In a record year for cloud, why was Google down billions?

Cloud computing is the dominant business for the Big 3, but not everyone’s making money out of it.
5 February 2021

Google’s cloud revenue continues to climb but the tech giant is now finally revealing its losses in the cloud segment. Source: Shutterstock

  • Alphabet has poured billions into boosting Google Cloud, as it continues to play catch up with AWS and Microsoft Azure
  • Google Cloud for the first time reported on its financials 

Last year was a record one for investments in cloud computing, becoming one of the fastest-growing segments of IT spend. And while revenues mounted up for cloud computing’s Big 3, outgoings also stacked up for Google Cloud, as the company vied to draw the gap between frontrunner AWS. 

In the first earnings report for its cloud arm comprised of Google Cloud Platform and Google Workspace, Google revealed a staggering loss of US$5.6 billion in 2020 alone, while revenue stood at US$3.84 billion. 

In comparison, Amazon Web Services (AWS) pulled in revenue of US$43.4 billion in 2020 and US$13.5 billion in profit. 

Google Cloud’s full-year revenue is growing faster at 46% compared to AWS’s 30%, and it’s also worth noting that Alphabet Inc is not as dependent on its cloud business as Amazon, which relies on AWS to make considerable profit every quarter. But with 9% of the market share, Google is still stuck in a distant third place. AWS has plateaued at 33% for the past few years, while Microsoft has doubled its share between 10-20% since 2017. Microsoft on the other hand reported a 50% growth in its cloud arm Azure and integration between Teams and ServiceNow, Workday, and Salesforce.

What’s happening at Google Cloud?

Over the last few years, Alphabet’s cloud arm has re-organized its model to become more of a direct competitor to AWS and Microsoft Azure and has indicated it will continue to beef up support for its cloud business. Google’s search advertising business is subsidizing the company’s cloud ambitions, but critics say Google Cloud may never look as good as the ad business when it comes to profits.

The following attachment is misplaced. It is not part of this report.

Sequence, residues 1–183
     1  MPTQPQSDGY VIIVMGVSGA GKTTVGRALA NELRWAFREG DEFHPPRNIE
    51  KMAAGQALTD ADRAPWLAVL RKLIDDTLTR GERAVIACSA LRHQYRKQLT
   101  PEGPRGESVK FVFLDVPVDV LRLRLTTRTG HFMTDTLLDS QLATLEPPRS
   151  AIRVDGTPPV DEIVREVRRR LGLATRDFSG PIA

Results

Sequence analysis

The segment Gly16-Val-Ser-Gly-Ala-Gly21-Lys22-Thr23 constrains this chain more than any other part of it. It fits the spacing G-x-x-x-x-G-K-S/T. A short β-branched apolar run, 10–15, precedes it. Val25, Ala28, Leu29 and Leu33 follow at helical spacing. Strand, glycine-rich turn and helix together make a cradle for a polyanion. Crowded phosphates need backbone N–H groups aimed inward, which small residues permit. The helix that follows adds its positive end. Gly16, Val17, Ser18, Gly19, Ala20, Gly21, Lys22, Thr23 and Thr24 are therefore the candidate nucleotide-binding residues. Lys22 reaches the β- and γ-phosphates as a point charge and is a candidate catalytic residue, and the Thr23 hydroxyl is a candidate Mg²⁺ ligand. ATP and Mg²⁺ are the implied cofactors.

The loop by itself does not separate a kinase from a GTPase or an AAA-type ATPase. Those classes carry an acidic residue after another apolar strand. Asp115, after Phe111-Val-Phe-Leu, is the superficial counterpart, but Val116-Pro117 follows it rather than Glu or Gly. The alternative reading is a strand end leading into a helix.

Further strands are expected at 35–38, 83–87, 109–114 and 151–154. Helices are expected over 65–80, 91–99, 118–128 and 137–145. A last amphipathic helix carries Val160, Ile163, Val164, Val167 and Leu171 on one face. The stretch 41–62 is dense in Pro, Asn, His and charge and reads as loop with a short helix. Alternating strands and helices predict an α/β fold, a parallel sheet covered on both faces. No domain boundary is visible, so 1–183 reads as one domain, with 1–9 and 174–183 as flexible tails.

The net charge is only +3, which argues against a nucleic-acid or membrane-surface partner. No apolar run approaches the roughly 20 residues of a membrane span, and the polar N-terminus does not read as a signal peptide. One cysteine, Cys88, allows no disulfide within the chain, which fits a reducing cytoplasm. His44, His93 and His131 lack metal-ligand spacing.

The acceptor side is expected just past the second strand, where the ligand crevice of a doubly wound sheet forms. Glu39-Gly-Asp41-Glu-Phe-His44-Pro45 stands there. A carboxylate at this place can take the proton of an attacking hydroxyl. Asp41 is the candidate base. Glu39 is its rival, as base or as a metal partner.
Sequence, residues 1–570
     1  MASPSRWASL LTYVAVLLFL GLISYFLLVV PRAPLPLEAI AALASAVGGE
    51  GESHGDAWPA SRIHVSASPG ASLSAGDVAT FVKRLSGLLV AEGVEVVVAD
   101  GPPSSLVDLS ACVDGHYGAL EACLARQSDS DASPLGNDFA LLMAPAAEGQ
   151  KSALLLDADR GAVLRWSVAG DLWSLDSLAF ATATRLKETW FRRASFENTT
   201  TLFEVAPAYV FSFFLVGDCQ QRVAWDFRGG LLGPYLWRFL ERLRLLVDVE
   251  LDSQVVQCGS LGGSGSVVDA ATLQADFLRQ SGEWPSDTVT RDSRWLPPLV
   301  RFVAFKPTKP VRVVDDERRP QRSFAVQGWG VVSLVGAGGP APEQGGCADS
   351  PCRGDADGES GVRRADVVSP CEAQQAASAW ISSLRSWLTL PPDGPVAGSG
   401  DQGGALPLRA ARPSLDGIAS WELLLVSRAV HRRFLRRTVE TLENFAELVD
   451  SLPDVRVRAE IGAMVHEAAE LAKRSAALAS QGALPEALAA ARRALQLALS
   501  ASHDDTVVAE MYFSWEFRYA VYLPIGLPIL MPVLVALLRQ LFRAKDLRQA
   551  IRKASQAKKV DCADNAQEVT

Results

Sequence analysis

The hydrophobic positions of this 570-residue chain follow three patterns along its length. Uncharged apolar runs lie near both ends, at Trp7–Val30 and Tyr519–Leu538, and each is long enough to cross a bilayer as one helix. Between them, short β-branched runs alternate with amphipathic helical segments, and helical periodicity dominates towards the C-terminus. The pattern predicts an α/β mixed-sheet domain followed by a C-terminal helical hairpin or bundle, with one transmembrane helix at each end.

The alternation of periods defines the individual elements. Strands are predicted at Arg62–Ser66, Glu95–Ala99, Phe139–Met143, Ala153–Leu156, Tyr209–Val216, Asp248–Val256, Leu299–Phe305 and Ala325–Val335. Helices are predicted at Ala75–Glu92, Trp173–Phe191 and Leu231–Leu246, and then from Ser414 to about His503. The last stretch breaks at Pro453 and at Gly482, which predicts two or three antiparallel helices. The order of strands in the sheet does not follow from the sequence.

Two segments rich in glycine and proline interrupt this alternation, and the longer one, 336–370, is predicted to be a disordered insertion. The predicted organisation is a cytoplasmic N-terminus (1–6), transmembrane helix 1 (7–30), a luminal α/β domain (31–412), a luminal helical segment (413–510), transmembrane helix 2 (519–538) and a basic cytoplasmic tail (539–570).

But the company signed high-profile clients in 2020 and continues to grow its business, under the leadership of its CEO Thomas Kurian, a former Oracle president. In fact, the most recent, Ford signed a deal with Google to provide cloud computing services in a deal worth hundreds of millions of dollars.

According to the third annual Cloud Report, published recently by commercial database management firm Cockroach Labs, among the big three cloud providers – AWS, Microsoft Azure, and the Google Cloud Platform  – the latter is the best performer in terms of throughput. AWS, on the other hand, has the lowest network latency.

The report also found Google Cloud the winner for the overall benchmark but did stress that all three performed well in different aspects. Azure was a clear winner in storage I/O thanks to its disks, while AWS was described as the most cost-efficient for online transactional processing.

Why isn’t businesses booming for Google Cloud? 

Google’s suite of cloud computing services is going through the same growing pains its competitors once did; it took AWS nearly 10 years to become profitable for the first time.

There’s also an ongoing price war and frequent price cuts by Google Cloud and AWS with new services being launched regularly, since businesses are constantly looking for opportunities to cut costs.

According to Cloud Health, for organizations with large amounts of data to store or analyze, Google Cloud’s storage prices are up to 20% cheaper than AWS (with the exception of archive storage) and the price of database services also compares favorably. 

In terms of features and services. Google Cloud offers around 95 different services, whereas AWS offers more than 200. Many of the additional services are important for large enterprises with specific requirements for their cloud environments, although Google Cloud does offer a core range of services that meet the needs of most businesses.

While Google beats AWS on price and flexibility, AWS scores better in terms of global reach, providing significantly more data centers around the world. As of September 2020, Google Cloud Platform had 24 regions, 73 zones, and over 100 points of presence in 35 countries. AWS has 24 regions, 77 availability zones, two local regions, and customers in 245 countries and territories. Further, AWS is adding new data centers at a faster rate than Google.